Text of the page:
Relying on the US for our ‘security’ is a continuing thread throughout the White Paper – “Our alliance with the United States is central to Australia’s approach to the Indo–Pacific. Without strong US political, economic and security engagement, power is likely to shift more quickly in the region and it will be more difficult for Australia to achieve the levels of security and stability we seek. To support our objectives in the region, the Government will broaden and deepen our alliance cooperation, including through the United States Force Posture Initiatives” (p.4).

With the growing influence of China as an economic power, Australia’s long-held fear of the ‘threat from the north’ has reared its head again. 

Instead of undertaking a calm analysis of the global situation, the Australian government is cowering behind the ANZUS alliance and abrogating our sovereignty.

Can we be independent without moving into a pro China stance?

Australia has the potential to play an important role in promoting peace in the region. If Australia strongly criticized Trump’s tweets and threats, it would be a message which would be received in Washington.

In relation to trade, the document emphasizes the dangers of protectionist policies and promotes the benefits of free trade agreements.  However, it fails to identify the issues of Investor State Dispute Resolution in such agreements which present real dangers to Australia’s sovereignty.

2.  Two major threats to life on this planet – climate change and nuclear war

Neither of these existential threats are given priority in the White Paper.

Climate Change

We know severe weather events are happening now and they will become worse as we continue to emit greenhouse gases, and feedbacks such as the melting of the permafrost are adding to the catastrophe.  But there is very little focus in the White Paper on climate change. An example:

“In the Pacific, the challenges are weak governance, corruption and vulnerability to economic and environmental shocks…Climate change, environmental degradation and the demand for sustainable sources of food, water and energy will be political, economic and security disrupters over the longer term. These challenges could undermine stability in some countries, especially fragile states, and contribute to conflict and irregular migration. They also affect our economic interests…

“Responses to climate change will be an important influence on international affairs and Australia’s economy. Australia has
the renewable resources and products, capabilities and services in low-emissions technologies to benefit from the transition of the global economy to a low-emissions growth model. At the same time, buoyant demand in the Indo–Pacific will support our exports of high-quality coal and LNG, and potentially uranium.” (p. 33)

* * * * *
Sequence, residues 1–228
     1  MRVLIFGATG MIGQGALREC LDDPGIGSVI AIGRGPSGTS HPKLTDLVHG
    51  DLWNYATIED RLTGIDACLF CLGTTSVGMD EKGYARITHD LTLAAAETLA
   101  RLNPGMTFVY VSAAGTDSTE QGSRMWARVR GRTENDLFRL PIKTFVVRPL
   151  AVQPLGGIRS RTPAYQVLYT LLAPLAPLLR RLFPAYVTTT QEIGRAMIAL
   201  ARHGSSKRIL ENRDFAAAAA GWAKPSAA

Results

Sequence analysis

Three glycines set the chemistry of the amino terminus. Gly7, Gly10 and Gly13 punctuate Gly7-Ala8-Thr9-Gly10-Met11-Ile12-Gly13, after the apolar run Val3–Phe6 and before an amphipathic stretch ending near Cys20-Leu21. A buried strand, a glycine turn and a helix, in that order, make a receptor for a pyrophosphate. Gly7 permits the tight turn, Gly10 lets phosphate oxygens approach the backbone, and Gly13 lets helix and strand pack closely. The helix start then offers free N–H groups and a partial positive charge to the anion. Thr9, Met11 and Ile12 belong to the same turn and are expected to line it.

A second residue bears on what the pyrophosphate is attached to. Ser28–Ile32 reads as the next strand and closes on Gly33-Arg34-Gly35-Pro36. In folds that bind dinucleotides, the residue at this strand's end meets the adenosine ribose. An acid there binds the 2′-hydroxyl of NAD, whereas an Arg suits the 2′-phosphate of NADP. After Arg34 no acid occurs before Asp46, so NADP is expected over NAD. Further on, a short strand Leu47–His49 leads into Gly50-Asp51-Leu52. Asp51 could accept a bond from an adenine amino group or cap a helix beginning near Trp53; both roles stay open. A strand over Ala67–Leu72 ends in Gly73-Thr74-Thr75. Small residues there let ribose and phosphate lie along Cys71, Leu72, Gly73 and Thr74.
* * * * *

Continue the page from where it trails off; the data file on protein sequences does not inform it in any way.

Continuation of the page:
These comments show a lack of understanding of the urgency of addressing climate change, and hypocrisy in that Australia has been a drag on global efforts to address climate change and has refused to take effective measures domestically. It has refused to recognize the opportunities in the renewables industries and discouraged their growth – the hypocrisy is indeed hard to believe.

No clearer evidence of the bankruptcy of the Australian government’s failure to address climate change could be found than its intention to continue to export coal. 

The Great Barrier Reef gets a mention but there is no associated mention of climate change, only that the Reef is “under pressure including from warmer sea temperatures and ocean acidification caused by climate change, outbreaks of coral disease and crown-of-thorns starfish, and impacts from land run-off and fishing.” (p.95)

The White Paper lauds Australian government efforts in relation to the World Heritage Area, and:

“Drawing on these efforts, Australia is helping drive international action to conserve the world’s coral reefs—-through our support for the International Coral Reef Initiative, the work of our leading marine science institutions, and practical support to build capacity in partner countries to manage reefs sustainably.” (p.95)

Again, hollow words when there is a lack of strong action on climate change.

This is the flavour of the comments on climate change throughout the document.

Nuclear War

America’s current inability to negotiate with North Korea, Trump’s threats to unleash a ‘fury the like of the world has never seen’, refusal to be part of the UN Treat to Prohibit Nuclear Weapons and pre-occupation with tweeting insults incessantly, creates a threat of nuclear war which is almost unprecedented.

There is no discussion in the White Paper of the likely outcomes of a nuclear war. Most references are to the dangers posed by North Korea’s missile program and the Nuclear Non-Proliferation Treaty.  China gives indications that it understands that a nuclear war is not an option any more, given the dangers of it spreading and leading as it then would to a nuclear winter. There is no discussion in the White Paper of this issue or indication that the Australian government recognizes the catastrophic consequences of a nuclear winter.